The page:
Vehicles used for transportation in Florida are covered under the Motor Vehicle Warranty Enforcement Act, often known as the Florida lemon law. The law also applies to rented recreational vehicles if the lessee is liable for maintenance.

Vehicles with a gross vehicle weight rating of more than 10,000 pounds, off-road vehicles, motorcycles, mopeds, recreational vehicles, and trucks with a GVWR of more than 10,000 pounds are not protected by Florida's lemon legislation.

Individuals who buy or lease a vehicle for personal, family, or home use are protected by the lemon law. During the lemon law rights period, everyone who receives the car for the same purposes as the original buyer is also protected by the legislation. The "lemon law rights period" is the time frame of 24 months beginning on the date the consumer was first delivered the automobile.

The lemon law in Florida overview

Fortunately, customers who unknowingly purchase a "lemon" car are protected by federal and state legislation. As reported by US News, these regulations are handled differently in each US state. Florida's lemon law shields new and nearly new car buyers, as well as some RV owners, from having to pay for costly repairs on defective vehicles.

Does the law only apply to new cars?

Florida's lemon legislation covers both brand-new and demonstrator automobiles, which are driven by the dealership but not officially registered in the state. Auto Blog warns customers who are thinking about buying a demo vehicle that they should be aware of the potential hidden costs associated with this decision. Demo vehicles may be cheaper, but you should consider whether the hassles they may cause are worth the savings.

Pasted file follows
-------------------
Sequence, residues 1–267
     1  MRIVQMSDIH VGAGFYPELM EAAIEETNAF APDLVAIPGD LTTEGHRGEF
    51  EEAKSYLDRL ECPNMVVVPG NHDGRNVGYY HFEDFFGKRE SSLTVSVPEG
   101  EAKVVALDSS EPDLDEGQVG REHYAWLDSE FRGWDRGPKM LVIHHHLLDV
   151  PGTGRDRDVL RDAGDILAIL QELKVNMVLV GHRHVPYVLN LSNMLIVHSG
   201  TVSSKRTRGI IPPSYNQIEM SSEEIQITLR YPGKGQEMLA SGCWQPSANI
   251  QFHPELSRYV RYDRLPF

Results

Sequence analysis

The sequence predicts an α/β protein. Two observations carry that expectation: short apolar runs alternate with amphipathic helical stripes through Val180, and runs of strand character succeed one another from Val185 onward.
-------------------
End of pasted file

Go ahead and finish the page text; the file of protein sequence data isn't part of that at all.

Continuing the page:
Brand-new automobiles that are either leased or purchased from a Florida dealer are covered under the state's law. The law also encompasses certain pre-owned automobiles but under stricter conditions. If you bought the car from the original owner in Florida and took possession of it within 24 months of the original purchase, you may be eligible for a refund under the state's "lemon law." Vehicles damaged in a collision are not eligible for repairs.

Does the Florida Lemon Law apply to used cars?

Used cars can still be considered "lemons" if they develop significant issues while still covered by the original manufacturer's warranty, any applicable certified pre-owned warranty, or any applicable extended warranty. To conclude, it's important to remember that the Florida Lemon Law does not apply to any used vehicle purchased "as is" and without a warranty.

Relief Under Florida Lemon Law

A successful lemon law claimant in Florida has various alternatives available to them according to the state's lemon legislation. To begin, it is possible that you may be given a new vehicle that is the same year, make, and model as the original. It's also possible that you could be eligible for a monetary award.